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UK CommentManufacturing sentiment slides further in January as price pressures intensify

  1. New orders and output weigh on sentiment
  2. Input prices rising at the fastest rate in 11 months
  3. Based on past form, sentiment suggests slower output growth in the near term
PMI Manufacturing index down to 55.3 in January from 56.2 in December (consensus: 56.5)
The UK Manufacturing PMI fell to 55.3 in January from 56.2 in December (revised from 56.3) and missed the consensus expectation of a small increase to 56.5. Sentiment was burdened by new orders and output, as output growth eased to a six-month low, according to the survey. The growth in new orders was the slowest in seven months. New orders were pulled down by domestic orders, while export orders improved slightly. The order intake was somewhat stronger in investment goods than in consumer and intermediate goods. However, despite the weakness in new orders and output, expectations of future output improved in January and are currently back where they were in 2015 and are higher than the historical average. The employment index improved in December, but it is still lower than it was in October and November. Price pressures picked up markedly in January, according to the survey, with purchase prices rising at the fastest rate in 11 months. Increased demand for inputs reportedly led to improved supplier pricing power and shortages of raw materials, thereby resulting in a marked acceleration in input cost inflation. Part of the increase in costs was passed along to clients in the form of higher selling prices, and January saw the steepest increase in output charges since April of last year.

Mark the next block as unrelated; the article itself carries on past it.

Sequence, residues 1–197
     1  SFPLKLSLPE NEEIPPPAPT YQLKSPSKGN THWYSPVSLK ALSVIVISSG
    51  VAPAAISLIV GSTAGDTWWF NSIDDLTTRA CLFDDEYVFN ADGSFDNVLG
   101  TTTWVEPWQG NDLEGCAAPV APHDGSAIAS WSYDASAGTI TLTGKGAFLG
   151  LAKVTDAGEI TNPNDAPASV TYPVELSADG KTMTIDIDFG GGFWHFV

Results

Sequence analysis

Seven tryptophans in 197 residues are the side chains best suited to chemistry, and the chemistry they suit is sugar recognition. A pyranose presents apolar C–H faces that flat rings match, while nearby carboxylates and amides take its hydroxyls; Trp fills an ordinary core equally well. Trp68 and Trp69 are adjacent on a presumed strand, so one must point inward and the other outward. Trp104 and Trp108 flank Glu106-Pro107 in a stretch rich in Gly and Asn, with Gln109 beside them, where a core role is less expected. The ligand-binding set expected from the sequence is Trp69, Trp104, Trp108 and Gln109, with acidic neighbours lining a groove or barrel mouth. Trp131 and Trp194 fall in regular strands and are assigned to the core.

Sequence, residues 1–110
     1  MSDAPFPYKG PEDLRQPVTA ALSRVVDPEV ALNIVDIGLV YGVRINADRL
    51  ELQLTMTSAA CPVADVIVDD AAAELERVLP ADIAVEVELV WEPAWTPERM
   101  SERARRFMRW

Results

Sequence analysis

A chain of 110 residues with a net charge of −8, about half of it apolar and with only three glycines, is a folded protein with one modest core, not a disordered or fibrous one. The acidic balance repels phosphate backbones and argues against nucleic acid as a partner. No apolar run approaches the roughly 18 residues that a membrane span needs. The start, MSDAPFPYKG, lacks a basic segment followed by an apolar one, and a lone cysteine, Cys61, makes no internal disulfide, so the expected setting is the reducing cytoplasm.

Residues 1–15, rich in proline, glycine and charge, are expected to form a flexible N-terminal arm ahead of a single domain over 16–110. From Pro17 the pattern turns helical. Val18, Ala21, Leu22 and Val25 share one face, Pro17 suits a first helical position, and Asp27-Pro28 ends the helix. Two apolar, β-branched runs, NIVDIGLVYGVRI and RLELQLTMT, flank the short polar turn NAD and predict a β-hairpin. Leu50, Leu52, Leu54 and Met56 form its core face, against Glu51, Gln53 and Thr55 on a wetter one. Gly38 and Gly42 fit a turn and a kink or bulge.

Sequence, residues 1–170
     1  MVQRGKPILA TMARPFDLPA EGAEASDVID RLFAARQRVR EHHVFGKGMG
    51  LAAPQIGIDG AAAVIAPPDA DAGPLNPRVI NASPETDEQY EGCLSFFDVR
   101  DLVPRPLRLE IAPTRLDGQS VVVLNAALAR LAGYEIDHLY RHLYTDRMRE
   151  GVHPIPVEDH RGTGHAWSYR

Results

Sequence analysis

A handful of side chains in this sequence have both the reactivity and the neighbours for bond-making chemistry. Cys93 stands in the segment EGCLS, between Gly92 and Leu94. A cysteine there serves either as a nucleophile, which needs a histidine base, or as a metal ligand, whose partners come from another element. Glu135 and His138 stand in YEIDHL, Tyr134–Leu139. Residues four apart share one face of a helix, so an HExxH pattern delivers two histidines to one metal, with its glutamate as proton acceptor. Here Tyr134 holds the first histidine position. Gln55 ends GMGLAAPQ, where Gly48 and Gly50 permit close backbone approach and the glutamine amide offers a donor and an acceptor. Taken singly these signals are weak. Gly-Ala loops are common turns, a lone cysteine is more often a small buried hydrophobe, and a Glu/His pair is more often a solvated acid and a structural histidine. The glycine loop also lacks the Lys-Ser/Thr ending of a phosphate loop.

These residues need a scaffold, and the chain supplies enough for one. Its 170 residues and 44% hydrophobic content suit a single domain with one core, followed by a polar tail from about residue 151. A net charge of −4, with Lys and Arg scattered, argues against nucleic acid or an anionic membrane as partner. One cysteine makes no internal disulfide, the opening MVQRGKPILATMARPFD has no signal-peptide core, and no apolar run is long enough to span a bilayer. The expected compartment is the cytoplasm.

Sentiment suggests slower output growth
Manufacturing sentiment peaked in November last year and has since fallen back. Based on past form, we find that the PMI output index suggests that growth in manufacturing output could weaken in the near term. Actual manufacturing output growth reached an annual rate of 4.7 percent in October, but fell to 3.5 percent in November, which is still strong. The PMI output index suggests the annual output growth rate could decelerate further to around 2 percent, we believe.




Kari Due-Andresen

Chief Economist Norway

Norway and UK

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